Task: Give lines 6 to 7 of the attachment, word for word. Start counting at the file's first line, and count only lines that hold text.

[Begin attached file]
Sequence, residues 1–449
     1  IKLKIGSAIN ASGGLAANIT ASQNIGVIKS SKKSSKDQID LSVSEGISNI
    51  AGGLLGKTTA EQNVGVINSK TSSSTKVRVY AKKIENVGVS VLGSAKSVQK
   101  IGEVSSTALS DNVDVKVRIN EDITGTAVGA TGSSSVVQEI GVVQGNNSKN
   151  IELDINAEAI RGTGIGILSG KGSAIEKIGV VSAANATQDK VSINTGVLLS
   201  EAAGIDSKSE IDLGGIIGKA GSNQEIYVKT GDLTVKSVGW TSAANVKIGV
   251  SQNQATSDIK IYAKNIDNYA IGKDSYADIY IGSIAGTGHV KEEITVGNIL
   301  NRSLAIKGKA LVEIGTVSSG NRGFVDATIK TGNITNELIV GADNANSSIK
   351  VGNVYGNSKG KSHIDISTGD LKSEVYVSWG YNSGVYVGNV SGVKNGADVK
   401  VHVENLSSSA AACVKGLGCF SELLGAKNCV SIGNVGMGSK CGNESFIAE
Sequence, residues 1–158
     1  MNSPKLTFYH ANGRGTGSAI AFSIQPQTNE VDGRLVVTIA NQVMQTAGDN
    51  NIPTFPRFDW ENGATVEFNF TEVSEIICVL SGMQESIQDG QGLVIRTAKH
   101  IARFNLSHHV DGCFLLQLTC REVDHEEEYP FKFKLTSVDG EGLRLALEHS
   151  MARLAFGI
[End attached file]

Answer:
   201  EAAGIDSKSE IDLGGIIGKA GSNQEIYVKT GDLTVKSVGW TSAANVKIGV
   251  SQNQATSDIK IYAKNIDNYA IGKDSYADIY IGSIAGTGHV KEEITVGNIL